When Rep. Steve Stockman made a surprise move to challenge fellow Texas Republican Sen. John Cornyn in the state’s GOP primary, the outspoken conservative drew plenty of publicity. But the returns from Tuesday’s balloting in Texas — the first primary in the 2014 election cycle — showed that Stockman’s much ballyhooed campaign was, in the local parlance, all hat and no cattle.
Stockman’s trouncing by Cornyn — who bested a field of seven challengers with better than 59 percent of the vote — was forecast in the fundraising. The two-term senator outraised the two-term congressman by a margin of nearly 100 to one.
Serious campaigns raise serious cash, which is why Sunlight has created a new tool to help identify hot primary elections with one of the leading indicators we follow: campaign fundraising. The competitive primaries page (shown above) on Sunlight’s Real-Time FEC tracker shows all of the country’s races in which two or more candidates from the same party have raised a significant amount of money.
We found that there’s a distinct difference between the parties when it comes to preliminary competitions: Nearly all the Senate primaries that register as competitive in terms of fundraising are Republican. Though recent studies from the Pew Research Center point to a growing rift in the Democratic party, nine “competitive” primaries for Senate feature Republicans, while only one race features more than one Democrat with fundraising numbers in the six figures.
Our good friend and pundette par excellence, Jennifer Duffy of the Cook Political Report, has pointed out an error in the earlier version of this story. Contrary to what we previously reported, there is one competitive Democratic Senate primary in which two candidates have more than $100,000 in cash on hand. The primary for Hawaii’s 2014 special Senate election pits former Rep. Colleen Hanabusa (the chosen successor of deceased Sen. Daniel Inouye) and the man appointed to his seat, Brian Schatz in a battle between the old and new guard of the Rainbow State’s Democratic party. Year end reports show the former congresswoman had raised just over $1.6 million heading into the new year, while the fresh-faced incumbent had raked in around $3.4 million.
While it’s unlikely we’ll see another Tea Party wave à la 2010, some populist conservatives have tapped into serious campaign dough. Chris McDaniel in Mississippi and Matt Bevin in Kentucky both have the benefit of substantial outside support from conservative groups in their efforts to upset Senate titans Thad Cochran, R-Miss., and Mitch McConnell, R-Ky.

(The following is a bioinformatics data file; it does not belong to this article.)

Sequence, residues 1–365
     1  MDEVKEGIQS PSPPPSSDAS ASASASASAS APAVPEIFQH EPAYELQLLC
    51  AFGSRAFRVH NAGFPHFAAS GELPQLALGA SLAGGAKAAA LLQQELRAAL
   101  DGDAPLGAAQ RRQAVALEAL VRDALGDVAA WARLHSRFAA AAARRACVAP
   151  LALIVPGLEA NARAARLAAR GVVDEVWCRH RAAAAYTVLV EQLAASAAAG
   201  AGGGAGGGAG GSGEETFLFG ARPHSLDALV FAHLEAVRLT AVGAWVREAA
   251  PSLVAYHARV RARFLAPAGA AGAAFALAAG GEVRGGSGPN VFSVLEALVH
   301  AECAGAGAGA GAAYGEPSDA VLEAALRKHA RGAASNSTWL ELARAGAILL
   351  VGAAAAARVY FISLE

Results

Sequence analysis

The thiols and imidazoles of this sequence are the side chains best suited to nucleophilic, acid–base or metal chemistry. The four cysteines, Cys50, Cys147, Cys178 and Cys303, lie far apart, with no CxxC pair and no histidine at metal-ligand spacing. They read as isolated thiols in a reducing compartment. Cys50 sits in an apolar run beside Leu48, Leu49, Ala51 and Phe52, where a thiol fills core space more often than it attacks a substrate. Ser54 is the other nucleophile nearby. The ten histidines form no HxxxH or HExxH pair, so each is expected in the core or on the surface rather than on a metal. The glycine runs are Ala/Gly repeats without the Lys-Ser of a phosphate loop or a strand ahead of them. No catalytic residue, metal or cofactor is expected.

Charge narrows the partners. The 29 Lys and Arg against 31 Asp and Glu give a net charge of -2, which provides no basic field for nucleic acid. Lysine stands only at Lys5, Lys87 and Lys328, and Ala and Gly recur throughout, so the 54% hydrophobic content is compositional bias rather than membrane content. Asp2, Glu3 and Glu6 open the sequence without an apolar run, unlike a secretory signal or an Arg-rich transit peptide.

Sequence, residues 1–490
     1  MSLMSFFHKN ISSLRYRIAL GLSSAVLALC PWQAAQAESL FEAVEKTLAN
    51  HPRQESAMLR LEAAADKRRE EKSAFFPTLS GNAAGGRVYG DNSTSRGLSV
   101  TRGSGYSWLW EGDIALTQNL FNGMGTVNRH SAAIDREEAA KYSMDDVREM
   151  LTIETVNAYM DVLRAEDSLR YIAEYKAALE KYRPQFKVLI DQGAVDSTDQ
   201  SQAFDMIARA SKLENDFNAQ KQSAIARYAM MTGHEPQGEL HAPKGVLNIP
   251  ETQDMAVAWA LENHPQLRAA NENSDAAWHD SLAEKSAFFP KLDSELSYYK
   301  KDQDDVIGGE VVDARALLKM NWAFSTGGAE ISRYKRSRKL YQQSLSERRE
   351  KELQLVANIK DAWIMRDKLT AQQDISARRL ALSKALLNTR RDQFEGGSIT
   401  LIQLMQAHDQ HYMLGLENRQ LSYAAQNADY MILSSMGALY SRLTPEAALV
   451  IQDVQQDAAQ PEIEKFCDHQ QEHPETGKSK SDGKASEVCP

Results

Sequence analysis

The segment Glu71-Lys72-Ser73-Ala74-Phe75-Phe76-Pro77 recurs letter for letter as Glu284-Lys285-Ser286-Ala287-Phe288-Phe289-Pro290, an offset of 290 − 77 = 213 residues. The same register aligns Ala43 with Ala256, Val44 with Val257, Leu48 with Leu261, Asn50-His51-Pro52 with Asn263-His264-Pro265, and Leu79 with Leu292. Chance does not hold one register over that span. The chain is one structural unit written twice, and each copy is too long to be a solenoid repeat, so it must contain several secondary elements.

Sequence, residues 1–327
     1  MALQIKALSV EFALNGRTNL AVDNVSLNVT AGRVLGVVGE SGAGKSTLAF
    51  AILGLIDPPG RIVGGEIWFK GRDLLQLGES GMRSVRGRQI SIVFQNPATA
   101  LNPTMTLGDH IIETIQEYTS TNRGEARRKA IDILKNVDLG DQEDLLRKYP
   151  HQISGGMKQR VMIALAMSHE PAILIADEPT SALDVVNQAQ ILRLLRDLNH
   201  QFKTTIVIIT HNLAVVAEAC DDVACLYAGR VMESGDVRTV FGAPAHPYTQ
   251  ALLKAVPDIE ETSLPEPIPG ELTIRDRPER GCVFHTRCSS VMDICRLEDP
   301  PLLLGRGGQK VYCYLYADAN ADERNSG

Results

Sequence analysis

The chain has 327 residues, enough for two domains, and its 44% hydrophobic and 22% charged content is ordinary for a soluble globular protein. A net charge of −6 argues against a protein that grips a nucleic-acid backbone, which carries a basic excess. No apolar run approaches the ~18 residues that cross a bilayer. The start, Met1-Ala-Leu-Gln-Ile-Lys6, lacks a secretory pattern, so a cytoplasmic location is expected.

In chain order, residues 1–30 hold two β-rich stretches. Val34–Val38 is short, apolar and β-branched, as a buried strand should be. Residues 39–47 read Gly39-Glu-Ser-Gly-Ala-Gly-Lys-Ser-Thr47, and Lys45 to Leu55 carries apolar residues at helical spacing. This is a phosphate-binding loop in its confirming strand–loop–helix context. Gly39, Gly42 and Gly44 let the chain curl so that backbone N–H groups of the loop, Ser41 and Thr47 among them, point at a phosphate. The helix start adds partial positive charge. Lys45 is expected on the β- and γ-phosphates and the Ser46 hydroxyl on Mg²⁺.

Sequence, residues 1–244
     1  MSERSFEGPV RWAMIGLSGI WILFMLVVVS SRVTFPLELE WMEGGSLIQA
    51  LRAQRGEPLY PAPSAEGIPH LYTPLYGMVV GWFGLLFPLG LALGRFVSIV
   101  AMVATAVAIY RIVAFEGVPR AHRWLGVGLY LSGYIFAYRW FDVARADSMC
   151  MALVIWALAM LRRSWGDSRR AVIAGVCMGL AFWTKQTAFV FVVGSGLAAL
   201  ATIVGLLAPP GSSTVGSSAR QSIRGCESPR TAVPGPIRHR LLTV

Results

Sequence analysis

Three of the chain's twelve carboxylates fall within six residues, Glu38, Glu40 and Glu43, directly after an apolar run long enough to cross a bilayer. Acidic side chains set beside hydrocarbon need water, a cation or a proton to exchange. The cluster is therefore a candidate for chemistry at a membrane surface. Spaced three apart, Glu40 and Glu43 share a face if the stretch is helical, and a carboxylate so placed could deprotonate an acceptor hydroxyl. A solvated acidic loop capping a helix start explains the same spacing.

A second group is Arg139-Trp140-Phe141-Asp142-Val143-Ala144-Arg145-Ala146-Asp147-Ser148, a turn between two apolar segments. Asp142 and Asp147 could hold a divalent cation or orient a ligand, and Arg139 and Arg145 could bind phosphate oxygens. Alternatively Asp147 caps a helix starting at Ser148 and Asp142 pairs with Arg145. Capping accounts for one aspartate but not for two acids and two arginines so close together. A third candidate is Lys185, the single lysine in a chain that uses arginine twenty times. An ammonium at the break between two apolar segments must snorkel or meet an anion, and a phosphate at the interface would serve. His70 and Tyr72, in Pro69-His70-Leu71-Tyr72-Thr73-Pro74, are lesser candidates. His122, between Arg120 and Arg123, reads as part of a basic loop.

Groups backing the upstarts include Club for Growth — through its PAC and super PAC, along with FreedomWorks and Senate Conservatives Action and the Madison Project. In Mississippi, they have all combined to spend nearly a million dollars of advertising in McDaniel’s favor.
There are four other Republican primaries in which incumbents face challengers with more than $100,000 in their campaign coffers:
But, unlike Bevin and McDaniel, the challengers in these races so far have failed to capture the financial backing of well-funded national groups, giving them a much steeper hill to climb. Two candidates with Tea Party ties in South Carolina have each raised around $250,000 for their campaigns, but they will be hard pressed to keep pace with the advertising and get out the vote efforts of Sen. Lindsey Graham, R-S.C., (whose campaign boasts nearly $7.7 million in cash on hand) without major financial backing from an outside spending group.
In House races, our tracker does find some competitive Democratic primaries, though there is no clear ideological strain uniting the outsiders. With a threshold of $50,000, 17 primaries feature more than one Democratic candidate, including some challengers who are outpacing incumbents in the fundraising marathon.
Exhibit A is Rohit Khanna, a Silicon Valley lawyer and former Department of Commerce employee in President Barack Obama’s administration, whose connections to the digital heartland have given him a warchest of $1.9 million — more than triple the cash on hand of his opponent, Rep. Mike Honda, D-Calif.
Most House races, however, follow the familiar pattern of incumbent-led fundraising. Republican challengers are competitive in 29 House races, 10 of which have an incumbent.
The Texas results are instructive about the significance of money as an indicator of performance at the ballot box: In the one race where a challenger outraised the incumbent, former U.S. Attorney John Ratcliffe made it into a runoff against Rep. Ralph Hall, a one-time Democrat turned Republican who, at 90, is the oldest member of the House. Also making it into a GOP runoff in the state’s politically competitive western corner, where former Rep. Francesco “Quico” Canseco is hoping to win his old job back in the fall: former CIA agent Will Hurd. Hurd raised almost twice as much as Canseco for the campaign cycle. The two will face off in May for the chance to challenge Rep. Pete Gallego, D-Texas, this fall. In the crowded GOP primary for the House seat that Stockman is vacating, it was the two top fundraisers — Ben Streusand and Brian Babin — who made it into the runoff.
In two other barely competitive Lone Star State primaries, however, the incumbents’ advantage in fundraising proved a predictor of easy victories. Reps. Pete Sessions, R-Texas, and Marc Veasey, D-Texas, easily won renominations in their parties primaries against challengers who, though better funded than most, couldn’t come close to matching the incumbents they were challenging. While Veasey’s challenger, Republican-turned-Democrat Tom Sanchez appeared to keep in step with the congressman in fundraising, that was due largely to Sanchez’ own personal fortune. The telecommunications lawyer has donated nearly $1.5 million to his own campaign.